I build this fly using 4lb. monofilament as the rib and for the parachute loop (post). The fly is built with the tails, if any, out over the hook eye, the abdomen taking up the length of the shank and the thorax occupying the bend of the hook. A wing is optional. This construction ensures that the parachute hackle, which sits on top of the thorax, holds the fly in position so that it hangs in that most vulnerable ‘through the film’ position.
After ribbing the fly with the 4lb nylon a loop is created with the same piece of nylon to sit above the thoracic area, the tag or free end of this loop sits out over the end of the thorax. The hackle is tied in and the thorax is dubbed and the fly tied off normally at the start of the thorax.
When wrapping the hackle around the parachute loop, I take two turns around the loop, one through the loop, two around, one to lock, continuing until I have enough hackle to support the fly. This ensures that when the hackle stem is broken by sharp little teeth, the hackle cannot escape. To complete the parachute hackle, the hackle point is taken twice through the loop; pull the free end of the nylon to close the loop, trapping the hackle and cut off excess hackle and nylon. This makes the fly very durable and can help to avoid changing flies in the middle of the hatch.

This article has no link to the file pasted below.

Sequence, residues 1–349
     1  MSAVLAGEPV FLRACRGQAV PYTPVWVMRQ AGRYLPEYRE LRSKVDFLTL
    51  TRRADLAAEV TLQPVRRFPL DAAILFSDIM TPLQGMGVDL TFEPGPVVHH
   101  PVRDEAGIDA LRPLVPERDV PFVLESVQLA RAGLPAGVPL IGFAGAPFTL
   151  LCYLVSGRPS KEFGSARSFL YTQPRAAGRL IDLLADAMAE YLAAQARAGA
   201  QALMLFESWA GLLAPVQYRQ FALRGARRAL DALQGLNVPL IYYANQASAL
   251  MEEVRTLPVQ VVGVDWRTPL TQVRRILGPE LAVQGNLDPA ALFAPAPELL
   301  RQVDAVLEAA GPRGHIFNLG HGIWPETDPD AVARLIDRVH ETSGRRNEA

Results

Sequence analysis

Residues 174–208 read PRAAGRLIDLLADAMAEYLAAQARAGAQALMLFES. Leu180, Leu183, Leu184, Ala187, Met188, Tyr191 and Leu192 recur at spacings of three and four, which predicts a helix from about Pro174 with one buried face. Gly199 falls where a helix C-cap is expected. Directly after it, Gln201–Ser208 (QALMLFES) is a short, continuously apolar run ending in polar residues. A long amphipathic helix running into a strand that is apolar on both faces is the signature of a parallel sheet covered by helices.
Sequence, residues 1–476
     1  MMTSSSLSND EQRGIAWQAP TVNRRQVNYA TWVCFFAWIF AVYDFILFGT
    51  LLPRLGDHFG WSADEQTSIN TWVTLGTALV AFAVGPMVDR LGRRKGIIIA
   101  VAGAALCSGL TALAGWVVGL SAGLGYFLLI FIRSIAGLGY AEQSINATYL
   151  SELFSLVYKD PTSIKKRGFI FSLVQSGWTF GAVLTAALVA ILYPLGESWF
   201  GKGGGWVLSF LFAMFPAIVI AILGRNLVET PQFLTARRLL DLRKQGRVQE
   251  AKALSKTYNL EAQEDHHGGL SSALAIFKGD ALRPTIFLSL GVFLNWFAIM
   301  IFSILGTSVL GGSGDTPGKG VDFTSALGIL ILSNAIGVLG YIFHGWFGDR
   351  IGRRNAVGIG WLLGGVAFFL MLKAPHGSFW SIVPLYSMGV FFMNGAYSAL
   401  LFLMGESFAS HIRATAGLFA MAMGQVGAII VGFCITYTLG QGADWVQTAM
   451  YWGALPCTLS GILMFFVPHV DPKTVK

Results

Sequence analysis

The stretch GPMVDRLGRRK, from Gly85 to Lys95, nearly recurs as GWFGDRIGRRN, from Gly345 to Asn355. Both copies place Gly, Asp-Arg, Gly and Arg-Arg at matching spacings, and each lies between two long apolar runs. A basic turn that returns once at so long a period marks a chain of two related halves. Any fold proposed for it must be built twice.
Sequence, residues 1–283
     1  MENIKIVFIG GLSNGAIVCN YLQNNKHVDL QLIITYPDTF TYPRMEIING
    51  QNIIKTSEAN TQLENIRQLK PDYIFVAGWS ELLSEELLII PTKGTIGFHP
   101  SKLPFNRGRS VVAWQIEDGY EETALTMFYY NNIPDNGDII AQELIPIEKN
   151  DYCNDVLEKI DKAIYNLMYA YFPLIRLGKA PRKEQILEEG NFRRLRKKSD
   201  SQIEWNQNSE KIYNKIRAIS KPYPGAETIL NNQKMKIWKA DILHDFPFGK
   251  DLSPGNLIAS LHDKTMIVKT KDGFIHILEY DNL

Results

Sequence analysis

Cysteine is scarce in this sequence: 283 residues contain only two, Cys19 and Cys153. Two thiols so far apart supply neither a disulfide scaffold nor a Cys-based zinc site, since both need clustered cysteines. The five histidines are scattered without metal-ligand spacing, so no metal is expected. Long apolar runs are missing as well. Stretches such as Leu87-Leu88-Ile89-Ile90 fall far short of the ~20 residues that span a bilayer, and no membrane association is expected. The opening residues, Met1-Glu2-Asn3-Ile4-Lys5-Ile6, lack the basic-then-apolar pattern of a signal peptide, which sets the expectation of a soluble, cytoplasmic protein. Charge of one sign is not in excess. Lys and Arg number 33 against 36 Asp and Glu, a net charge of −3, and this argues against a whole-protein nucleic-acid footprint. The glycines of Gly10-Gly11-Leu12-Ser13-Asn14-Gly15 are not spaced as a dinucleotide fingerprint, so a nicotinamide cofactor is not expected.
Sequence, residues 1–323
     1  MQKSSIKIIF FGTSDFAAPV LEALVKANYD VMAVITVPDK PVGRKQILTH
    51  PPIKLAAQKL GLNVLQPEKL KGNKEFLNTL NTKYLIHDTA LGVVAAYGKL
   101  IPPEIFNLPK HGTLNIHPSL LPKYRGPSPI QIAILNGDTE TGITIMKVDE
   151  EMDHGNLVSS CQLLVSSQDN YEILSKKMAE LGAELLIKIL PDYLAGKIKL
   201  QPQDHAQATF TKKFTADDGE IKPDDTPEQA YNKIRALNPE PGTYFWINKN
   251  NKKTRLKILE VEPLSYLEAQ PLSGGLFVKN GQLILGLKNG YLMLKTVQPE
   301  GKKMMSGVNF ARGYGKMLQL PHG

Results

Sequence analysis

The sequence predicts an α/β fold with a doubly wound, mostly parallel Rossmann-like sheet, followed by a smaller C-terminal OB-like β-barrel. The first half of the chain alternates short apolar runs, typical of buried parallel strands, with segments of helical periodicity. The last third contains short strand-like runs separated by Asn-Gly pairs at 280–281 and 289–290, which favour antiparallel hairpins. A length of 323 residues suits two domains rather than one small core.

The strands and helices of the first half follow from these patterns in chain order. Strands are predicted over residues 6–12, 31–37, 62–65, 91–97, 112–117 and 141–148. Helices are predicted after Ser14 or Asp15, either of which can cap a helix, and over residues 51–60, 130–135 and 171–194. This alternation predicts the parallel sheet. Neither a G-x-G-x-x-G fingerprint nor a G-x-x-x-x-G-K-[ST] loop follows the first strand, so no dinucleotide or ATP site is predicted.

Over the last decade or so
much has been written about the importance of emergers and believe it, a lot
more will be written, especially when future development and the importance
of this facet of fly fishing is more clearly understood.
To many of us, particularly here in Australia, emergers are all about lake fishing and why not? With so many great daytime hatches on our Tasmanian and mainland lakes it is a very important aspect of our fly fishery. However this is only half the story, because our rivers actually hold so many more opportunities than is generally appreciated.
Granted, Caddis emergers such as the Sparkle Pupa from the vice of the late Gary LaFontaine and the Klinkhamer from Hans Van Klinken are common additions to most fly boxes today but it is not Caddis that are under the microscope here, it is our Mayfly species.
As most of you are aware we have around eighty-five mayflies that are fully described, with many more waiting to go into the official registrar. Worldwide there are over 2500 species.
We rarely see Baetids (little blue duns) on our lakes, we never see the Kossie Dun or our Devonshire duns, yet they are so numerous along most streams and rivers and like most of the Tasmanian duns, they also emerge through the surface film.
The design of this fly is best suited to a long shank Grub/Caddis hook like a Partridge Klinkhamer or the Mustad C49s. Roy treats the hackle and wing with watershed or permaflote and leaves it to dry overnight. For tails and wings he likes to use bronze wood duck fibres. He also states that it is the design of the fly rather than the pattern here that is important and we should look at the colours of our nymphs and use those dressings as a guide in designing our patterns. He also suggests we carry a big net.